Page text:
The cancer stem cell (CSC) concept has important implications for understanding carcinogenesis as well as for the development of cancer therapeutics. According to this concept, tumors are initiated and maintained by a cellular subcomponent that displays stem cell properties. These properties include self-renewal, which drives tumorigenesis, and differentiation (albeit aberrant), which contributes to tumor cellular heterogeneity. The existence of CSCs has been described in a variety of hematologic and solid tumors including those of the breast, brain, colon, pancreas, lung, liver, and head and neck.
Cancer stem cells (CSC) are thought also to contribute to tumor spread (metastasis) and recurrence after treatment, so many researchers are looking at ways of targeting them therapeutically.
Why is this important? According to the article (click on the jci.org link above to access it):
"In addition to intrinsic pathways regulating stem cell functions, normal and malignant stem cells are regulated by extrinsic signals generated in the microenvironment or CSC niche."
What does this mean in simple terms? Well, in breast cancer, the niche is composed of immune cells, mesenchymal cells (fibroblasts, endothelial cells etc) and these aspects play a important role in both normal breast development and carcinogenesis. Thus, if the microenvironment plays a critical role in the regulation of CSC growth, then looking at ways of interfering with the processes could affect the very production of CSC's.
One of the therapeutic strategies being pursued to target CSC's involves inhibition of self renewal or survival pathways in these cells. Normal cells die due to a process known as programmed cell death or apoptosis but in cancer, the cells continue to proliferate, thereby producing tumours.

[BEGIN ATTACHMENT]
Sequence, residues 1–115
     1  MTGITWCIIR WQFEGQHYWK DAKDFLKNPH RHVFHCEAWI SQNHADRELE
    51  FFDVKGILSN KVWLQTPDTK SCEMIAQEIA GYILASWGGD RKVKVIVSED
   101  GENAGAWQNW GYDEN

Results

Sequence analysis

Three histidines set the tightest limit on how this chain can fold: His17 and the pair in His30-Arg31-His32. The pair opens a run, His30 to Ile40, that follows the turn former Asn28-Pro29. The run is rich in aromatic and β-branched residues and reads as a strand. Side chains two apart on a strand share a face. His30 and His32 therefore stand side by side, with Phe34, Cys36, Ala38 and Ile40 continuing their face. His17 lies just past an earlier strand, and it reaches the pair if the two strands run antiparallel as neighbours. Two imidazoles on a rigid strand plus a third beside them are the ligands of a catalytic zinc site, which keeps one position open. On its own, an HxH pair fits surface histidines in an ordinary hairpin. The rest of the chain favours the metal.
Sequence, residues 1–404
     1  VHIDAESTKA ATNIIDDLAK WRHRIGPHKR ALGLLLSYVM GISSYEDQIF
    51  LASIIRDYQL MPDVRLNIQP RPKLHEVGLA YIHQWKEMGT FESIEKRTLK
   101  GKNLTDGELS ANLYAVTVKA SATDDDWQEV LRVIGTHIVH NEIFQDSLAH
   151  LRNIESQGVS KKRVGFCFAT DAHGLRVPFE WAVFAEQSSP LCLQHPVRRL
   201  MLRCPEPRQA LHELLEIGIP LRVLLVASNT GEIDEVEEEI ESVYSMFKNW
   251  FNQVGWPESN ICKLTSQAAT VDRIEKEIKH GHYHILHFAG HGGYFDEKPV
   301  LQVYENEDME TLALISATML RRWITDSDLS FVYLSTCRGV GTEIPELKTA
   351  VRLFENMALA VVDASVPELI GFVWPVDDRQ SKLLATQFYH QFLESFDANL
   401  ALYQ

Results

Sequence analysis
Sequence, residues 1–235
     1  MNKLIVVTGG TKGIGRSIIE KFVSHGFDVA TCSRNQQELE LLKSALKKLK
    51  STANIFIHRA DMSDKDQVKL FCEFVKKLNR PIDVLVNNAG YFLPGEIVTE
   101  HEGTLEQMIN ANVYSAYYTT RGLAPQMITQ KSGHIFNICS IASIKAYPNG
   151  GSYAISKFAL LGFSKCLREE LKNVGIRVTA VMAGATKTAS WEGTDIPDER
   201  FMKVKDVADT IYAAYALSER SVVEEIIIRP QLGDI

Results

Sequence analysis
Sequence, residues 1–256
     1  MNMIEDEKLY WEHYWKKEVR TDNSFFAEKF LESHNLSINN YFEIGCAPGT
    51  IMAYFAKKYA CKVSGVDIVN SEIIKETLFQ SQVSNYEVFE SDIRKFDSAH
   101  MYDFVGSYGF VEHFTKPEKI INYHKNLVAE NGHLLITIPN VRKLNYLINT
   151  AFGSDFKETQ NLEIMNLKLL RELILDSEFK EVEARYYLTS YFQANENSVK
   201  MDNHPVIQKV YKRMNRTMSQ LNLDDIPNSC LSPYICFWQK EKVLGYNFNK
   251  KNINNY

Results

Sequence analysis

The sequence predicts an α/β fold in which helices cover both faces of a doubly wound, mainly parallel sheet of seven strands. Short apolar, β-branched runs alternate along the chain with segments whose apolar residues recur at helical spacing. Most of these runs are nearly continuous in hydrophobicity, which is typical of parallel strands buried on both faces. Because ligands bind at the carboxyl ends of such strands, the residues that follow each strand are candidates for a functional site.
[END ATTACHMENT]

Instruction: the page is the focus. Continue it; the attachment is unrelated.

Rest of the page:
It now appears that critical pathways involved may include NOTCH, Hedgehog, and WNT. Researchers in Michigan, US and Marseille, France have utlised this knowledge to target human breast cancer stem cells, leading to decreased tumor growth and metastasis in mice xenotransplanted with human breast cancer cells using this approach.
In essence, they found that inhibiting the cell surface protein CXCR1, with either an antibody or a small molecule known as repertaxin, selectively depleted the cancer stem cell population in two human breast cancer cell lines in vitro. Loss of the cancer stem cells was followed by extensive death of many of the remaining tumour cells.
Treatment with repertaxin had similar effects in mice xenotransplanted with human breast cancer cells and cancer stem cells were selectively depleted leading to a reduction in tumor growth and metastasis.
It is possible that strategies targeting CXCR1, the soluble protein that binds to it, or the signaling pathways downstream of it, may provide a new approach to deplete breast cancer stem cells, retarding tumour growth and reducing metastasis.
It will be very interesting indeed to see where this research goes in the future.